There I was--surrounded by hoooooomasexshuls!
...and I couldn't spot 'em.
To hear the wingnuts & other haters tell it, San Francisco is World Homo Headquarters, every street corner populated by mincing, very nicely dressed, expensive cheese-eating, twinkletoed incubi indulging in every one of the Kama Sutra positions, sometimes alone, sometimes in pairs, but mostly in massive, sweaty, leather-chaps-and-rainbow-flag-draped orgies of sin that would embarrass Satanists and shock the ancient Greeks, who are well-known to have indulged in lustful Baccanalic displays themselves.
The strangest thing I saw was one old man wearing a backpack and using ski poles to cross-country hobble through a crosswalk. Nothing kinky about that: maybe his back hurt. After three days of airports and three of walking and climbing the sights (and sites) of San Fran, I could have used a pair of those poles, myself.
Instead of "Great Babylon is come up before me" (as a scandalized Rachel Jackson said of New Orleans as she and husband Andrew made their way to accept receipt of Florida from Spain in 1821), San Francisco was cleverly disguised as an ordinary town with ordinary people doing ordinary things such as shopping, driving, and working.
Not so much as a Gay Pride Child Recruitment Center!
I left Pensacola Sunday afternoon, had 90 minutes in Houston, and on to SF. I'd be returning Thursday by flying cross-country to Charlotte, NC, 4-hour layover, then 90 minutes to Pensacola.
Maybe it's because Pensacola's airport is so small, but the security line was ridiculous! The line was pretty long and there was just one checkpoint (there's only one terminal). Took close to 45 minutes to get from right next to the check-in counters to the other side of the checkpoint. Man, were my legs tired. Fortunately the terminal is small. Getting to my gate didn't take long even with a couple of rest breaks.
I was hoping that all the standing and walking would help with the leg problems I've been having since Aorta Day. Nope.
Houston airport could have used more benches (something I noticed about every place I went). Most of my 90-minute layover was spent in me hobbling toward the next terminal, finding a train, then hobbling to the departure gate. I saw some passenger carts toting people around, but figured they were pay-to-ride, so I just kept going. I was too tired to smirk at the the place being named after George Bush (the wimpy, ineffectual entitled prat, not the war criminal). Airports should be named for heroes like astronaut Rick Husband, not zeroes. Check out all of Husband's accomplishments. Imagine landing at Houston's Rick the Astronaut Airport. I made it about 10 minutes before boarding started.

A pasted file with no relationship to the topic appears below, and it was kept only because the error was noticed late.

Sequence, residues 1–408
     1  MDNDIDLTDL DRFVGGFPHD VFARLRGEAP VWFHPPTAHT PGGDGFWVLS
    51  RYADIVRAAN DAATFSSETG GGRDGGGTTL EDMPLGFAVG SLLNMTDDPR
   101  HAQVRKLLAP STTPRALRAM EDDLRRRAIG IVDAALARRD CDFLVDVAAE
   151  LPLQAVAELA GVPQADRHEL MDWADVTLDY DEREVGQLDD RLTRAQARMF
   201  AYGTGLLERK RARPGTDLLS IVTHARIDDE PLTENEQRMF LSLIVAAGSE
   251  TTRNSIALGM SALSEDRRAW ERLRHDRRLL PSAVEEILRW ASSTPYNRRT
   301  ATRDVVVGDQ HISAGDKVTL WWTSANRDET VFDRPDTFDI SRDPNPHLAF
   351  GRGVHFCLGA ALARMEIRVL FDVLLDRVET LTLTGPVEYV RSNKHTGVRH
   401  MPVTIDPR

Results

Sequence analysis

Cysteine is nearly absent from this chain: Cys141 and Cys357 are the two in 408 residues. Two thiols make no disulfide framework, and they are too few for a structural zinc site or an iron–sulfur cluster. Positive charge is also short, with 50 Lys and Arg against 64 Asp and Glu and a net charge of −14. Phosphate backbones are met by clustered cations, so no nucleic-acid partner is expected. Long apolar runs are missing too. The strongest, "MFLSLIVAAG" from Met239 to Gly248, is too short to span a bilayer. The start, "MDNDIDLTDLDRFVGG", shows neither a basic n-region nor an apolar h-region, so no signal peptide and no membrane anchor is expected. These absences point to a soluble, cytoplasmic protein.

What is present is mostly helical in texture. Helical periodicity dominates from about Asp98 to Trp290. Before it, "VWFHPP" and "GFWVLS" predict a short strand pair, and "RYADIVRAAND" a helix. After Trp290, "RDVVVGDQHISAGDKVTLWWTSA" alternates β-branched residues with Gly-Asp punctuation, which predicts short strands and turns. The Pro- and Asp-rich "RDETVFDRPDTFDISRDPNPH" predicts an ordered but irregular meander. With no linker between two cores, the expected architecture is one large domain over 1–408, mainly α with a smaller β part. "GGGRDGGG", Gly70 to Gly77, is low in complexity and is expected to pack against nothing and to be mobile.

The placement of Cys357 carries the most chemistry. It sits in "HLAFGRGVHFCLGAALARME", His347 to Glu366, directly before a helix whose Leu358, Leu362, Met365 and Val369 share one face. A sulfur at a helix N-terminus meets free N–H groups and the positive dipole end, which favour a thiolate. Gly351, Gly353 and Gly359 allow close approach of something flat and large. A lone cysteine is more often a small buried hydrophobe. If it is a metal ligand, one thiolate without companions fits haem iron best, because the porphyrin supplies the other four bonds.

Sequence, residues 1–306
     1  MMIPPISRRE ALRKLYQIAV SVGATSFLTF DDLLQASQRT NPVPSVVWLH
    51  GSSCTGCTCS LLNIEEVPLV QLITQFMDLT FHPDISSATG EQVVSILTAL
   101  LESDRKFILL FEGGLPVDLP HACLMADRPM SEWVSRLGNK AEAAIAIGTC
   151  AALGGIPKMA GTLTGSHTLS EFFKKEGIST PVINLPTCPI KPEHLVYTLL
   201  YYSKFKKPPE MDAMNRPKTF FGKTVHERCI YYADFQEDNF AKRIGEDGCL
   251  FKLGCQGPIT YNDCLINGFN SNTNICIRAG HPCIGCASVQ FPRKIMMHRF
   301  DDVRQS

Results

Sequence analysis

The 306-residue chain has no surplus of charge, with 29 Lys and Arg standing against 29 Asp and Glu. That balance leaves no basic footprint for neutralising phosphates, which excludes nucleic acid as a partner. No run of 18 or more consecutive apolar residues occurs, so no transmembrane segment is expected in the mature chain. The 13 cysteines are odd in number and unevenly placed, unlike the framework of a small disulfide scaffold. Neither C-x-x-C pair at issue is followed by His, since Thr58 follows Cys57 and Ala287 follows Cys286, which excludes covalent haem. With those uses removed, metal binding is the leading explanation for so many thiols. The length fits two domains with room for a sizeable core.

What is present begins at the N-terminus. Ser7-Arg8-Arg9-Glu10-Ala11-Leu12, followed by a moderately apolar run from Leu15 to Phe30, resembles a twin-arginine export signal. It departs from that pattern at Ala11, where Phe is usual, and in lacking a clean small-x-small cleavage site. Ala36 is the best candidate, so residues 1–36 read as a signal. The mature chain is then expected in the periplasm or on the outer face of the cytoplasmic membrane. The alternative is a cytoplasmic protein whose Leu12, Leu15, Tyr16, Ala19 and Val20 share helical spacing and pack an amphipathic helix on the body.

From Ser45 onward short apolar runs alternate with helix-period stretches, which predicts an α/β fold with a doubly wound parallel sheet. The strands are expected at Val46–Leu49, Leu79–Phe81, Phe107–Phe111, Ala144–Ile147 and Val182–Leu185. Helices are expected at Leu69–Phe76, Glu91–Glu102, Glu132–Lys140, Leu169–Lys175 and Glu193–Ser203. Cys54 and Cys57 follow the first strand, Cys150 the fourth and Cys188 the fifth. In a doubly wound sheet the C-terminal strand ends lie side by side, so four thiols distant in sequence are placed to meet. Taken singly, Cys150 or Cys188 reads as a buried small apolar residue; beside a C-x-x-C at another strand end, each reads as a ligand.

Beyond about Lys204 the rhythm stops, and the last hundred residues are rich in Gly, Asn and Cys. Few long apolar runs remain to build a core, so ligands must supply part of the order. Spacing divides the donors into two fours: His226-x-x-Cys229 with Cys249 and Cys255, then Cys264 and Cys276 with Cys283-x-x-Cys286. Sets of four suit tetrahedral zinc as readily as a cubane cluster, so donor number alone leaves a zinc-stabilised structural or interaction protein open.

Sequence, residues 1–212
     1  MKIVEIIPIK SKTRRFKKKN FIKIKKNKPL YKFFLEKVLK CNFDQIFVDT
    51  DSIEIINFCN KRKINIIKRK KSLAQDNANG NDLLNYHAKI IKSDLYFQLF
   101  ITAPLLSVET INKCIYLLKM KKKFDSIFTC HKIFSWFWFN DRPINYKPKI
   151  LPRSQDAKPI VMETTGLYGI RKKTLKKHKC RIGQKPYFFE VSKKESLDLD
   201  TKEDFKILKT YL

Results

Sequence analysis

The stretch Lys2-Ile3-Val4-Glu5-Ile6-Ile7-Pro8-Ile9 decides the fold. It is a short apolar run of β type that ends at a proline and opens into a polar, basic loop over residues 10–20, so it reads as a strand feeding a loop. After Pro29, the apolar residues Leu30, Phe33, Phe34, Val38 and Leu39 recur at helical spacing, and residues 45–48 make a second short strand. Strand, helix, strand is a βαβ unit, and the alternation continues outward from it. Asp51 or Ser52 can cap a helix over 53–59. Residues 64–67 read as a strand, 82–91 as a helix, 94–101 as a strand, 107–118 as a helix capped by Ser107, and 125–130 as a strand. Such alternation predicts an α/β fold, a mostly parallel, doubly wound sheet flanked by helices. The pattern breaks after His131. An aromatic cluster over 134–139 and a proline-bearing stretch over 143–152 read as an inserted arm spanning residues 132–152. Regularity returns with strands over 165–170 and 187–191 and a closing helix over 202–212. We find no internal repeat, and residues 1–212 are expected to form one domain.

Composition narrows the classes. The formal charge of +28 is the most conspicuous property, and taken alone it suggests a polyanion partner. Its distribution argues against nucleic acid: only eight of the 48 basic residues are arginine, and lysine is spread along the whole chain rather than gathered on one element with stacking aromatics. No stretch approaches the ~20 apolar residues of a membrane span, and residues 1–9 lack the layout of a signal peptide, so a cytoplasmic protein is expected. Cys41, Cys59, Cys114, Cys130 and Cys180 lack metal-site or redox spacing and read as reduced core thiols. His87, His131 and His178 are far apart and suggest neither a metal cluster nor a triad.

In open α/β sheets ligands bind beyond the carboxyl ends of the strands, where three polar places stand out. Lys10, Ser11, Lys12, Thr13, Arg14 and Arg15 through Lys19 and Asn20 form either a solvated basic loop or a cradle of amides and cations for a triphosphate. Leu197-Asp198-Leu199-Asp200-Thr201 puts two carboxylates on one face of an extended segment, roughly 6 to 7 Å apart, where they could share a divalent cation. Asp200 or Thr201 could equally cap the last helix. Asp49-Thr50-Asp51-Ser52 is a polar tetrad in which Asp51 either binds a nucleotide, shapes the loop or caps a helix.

I really liked San Fran airport. The terminals are arranged like spokes on a wheel. Get off your plane, head toward the hub and get out. Minimal hiking, no pain-in-the-ass navigation. Still a long walk. Man, were my legs tired.
At the other end of the trip, I got to San Fran airport around 7 Thursday morning. Check-in was fast. The security line only took a few minutes. My legs and back still got sore from the standing, but I was expecting that and flagged down one of those people-carts (finally realized they're free--but considering all the luggage carts for rent, the quick cellphone chargers-for-pay, and stuff like that, my earlier assumption is understandable). I rode like a tired-legged prince to my departure gate and relaxed.
The Charlotte airport was a nightmare of long stretches without benches. Hell of a place. Three and a half hour layover. I started off the right way by going the wrong way in my arrival terminal. When I figured out that the gate numbers were going the wrong way, I sagged, turned around, and moved with what little purpose I could muster. My destination, Terminal E, was at the furthest point possible from me. Man, were my legs...well, you know. Started looking for one of those handicap buggies. Didn't find one for the entire length of Terminal B, or into the mall along the main building. Finally flagged one down only to be dropped off at the top of an escalator. Down that, try to find another cart, end up walking...and damned if I wasn't overtaken by a cart a few minutes later. Finally grabbed another one after more walking and a few rest stops. This one got me to the proper gate, allll the way at the end of Terminal E.
Did I mention that my legs were tired?
Sat there, pondering trudging back up the terminal to one of the restaurants. My phone rang. Flight's canceled, call us to reschedule, thanks for trying to fly us, g'bye. Automated message. I called and learned that I'd be staying in Charlotte for the night ("aircraft maintenance")--in a hotel. Guy told me to find the closest Customer Service desk. Said it was several terminals away. Nice.
Again with the cart-hunting. Not one in sight the entire length of the terminal, until the end, but this one was unattended. I sat, anyway, and waited. Got passed by a couple of active ones. Finally gave up and hiked until I found one, flagged him down. Turns out I passed a Customer Service desk in Terminal E--but my driver took me to the now-closest one and dropped me there. A little shuffling...new ticket for the next morning's flight, voucher for the hotel.
Next morning, check-in went fast, security took maybe 20 minutes (including the line). Now that I was savvy to the handicap carts, getting to the terminal didn't take long.
Pensacola's airport really needs to get their game together and work on decongesting the security line, even if it means putting some more people on the payroll to open up a second line. The single checkpoint worked as well as it could, but took 2-3 times as long as it needed to.
There will be lawyers: Aetna Pennsylvania edition
13 minutes ago